Intelligent Keyboard Could Offer Better Security

Passwords. Difficult to remember. Simple to hack. Even if you don't use one of most common passwords, attackers have a variety of tools at their disposal to steal your credentials and hijack your accounts. And every so often a bug like Heartbleed comes along, forcing you to spend a weekend resetting them all.

But that may be about to change. A new keyboard designed by a professor at the Georgia Institute of Technology can recognize the typing patterns of individual users. That kind of technology could make way for a new form of biometric security for laptops and desktops, potentially putting an end to the headaches caused by lost or stolen passwords for good.

Identifying Users by Their Keystrokes

The keyboard, which was developed by Professor Zhong Lin Wang, is capable of measuring both the amount of force applied to each keystroke and the time interval between strokes. According to Professor Wang, that type of behavior is unique to each individual. More importantly, it is difficult to mimic, according to a paper Wang published along with his research team in the journal ACS Nano.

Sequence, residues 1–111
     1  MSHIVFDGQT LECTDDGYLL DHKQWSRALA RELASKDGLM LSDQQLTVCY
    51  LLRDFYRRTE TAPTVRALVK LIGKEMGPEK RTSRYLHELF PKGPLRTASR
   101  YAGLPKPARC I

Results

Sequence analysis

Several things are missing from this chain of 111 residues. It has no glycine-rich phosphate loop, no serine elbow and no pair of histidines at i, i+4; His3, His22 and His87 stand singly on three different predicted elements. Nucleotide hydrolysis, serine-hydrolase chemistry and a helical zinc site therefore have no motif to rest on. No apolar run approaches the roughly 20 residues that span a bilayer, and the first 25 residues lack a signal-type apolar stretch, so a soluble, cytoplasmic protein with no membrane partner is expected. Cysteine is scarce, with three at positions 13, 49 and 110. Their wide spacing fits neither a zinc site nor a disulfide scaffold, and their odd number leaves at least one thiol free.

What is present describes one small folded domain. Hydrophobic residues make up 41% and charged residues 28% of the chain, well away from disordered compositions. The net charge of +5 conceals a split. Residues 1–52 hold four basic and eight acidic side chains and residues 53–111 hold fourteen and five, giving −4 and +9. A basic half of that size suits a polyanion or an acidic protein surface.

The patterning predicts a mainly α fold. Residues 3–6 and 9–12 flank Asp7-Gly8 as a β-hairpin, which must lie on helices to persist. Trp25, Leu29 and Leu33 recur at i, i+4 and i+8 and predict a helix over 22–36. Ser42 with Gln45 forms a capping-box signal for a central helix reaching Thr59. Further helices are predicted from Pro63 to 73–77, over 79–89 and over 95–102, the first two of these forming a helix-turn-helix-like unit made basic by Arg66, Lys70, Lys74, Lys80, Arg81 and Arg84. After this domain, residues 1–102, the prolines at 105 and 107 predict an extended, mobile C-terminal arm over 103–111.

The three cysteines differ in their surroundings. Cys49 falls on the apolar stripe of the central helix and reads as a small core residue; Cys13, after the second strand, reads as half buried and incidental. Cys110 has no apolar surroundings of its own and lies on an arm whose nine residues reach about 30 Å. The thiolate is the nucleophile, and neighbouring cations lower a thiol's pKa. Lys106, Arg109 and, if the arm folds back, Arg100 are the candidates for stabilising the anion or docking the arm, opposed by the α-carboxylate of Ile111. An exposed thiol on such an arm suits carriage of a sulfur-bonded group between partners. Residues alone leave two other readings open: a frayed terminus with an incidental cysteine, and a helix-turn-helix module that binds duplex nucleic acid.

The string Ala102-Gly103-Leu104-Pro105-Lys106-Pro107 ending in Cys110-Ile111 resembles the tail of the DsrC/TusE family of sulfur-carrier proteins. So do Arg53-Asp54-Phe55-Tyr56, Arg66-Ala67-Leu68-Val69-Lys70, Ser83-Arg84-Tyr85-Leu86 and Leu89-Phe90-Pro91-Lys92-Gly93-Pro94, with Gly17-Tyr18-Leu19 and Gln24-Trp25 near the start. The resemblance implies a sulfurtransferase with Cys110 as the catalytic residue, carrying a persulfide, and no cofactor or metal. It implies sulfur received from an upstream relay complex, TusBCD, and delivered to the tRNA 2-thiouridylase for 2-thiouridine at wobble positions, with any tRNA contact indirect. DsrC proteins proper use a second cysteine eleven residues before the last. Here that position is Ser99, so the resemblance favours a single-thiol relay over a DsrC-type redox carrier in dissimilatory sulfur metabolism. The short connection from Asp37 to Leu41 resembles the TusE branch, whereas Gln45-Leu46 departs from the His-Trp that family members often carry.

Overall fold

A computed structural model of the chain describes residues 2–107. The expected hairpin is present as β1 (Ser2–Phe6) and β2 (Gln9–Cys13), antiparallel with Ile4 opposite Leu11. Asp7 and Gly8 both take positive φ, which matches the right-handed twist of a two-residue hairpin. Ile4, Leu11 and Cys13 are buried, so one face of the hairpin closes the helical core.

EUThis has the potential to be a new means for identifying users,EU Wang said in an article on Phys.org. EUWith this system, a compromised password would not allow a cybercriminal onto the computer. The way each person types even a few words is individual and unique.EU

Wang said he tested the technology by recording the electrical patterns generated by more than 104 researchers each typing a single word into the device. According to Wang, his team was able to accurately identify individual users with very low error rates.

Cheap, Durable, and Energy Efficient

The new keyboard could also help make laptops and other devices more energy efficient. That's because the device actually generates electricity when a user types on...

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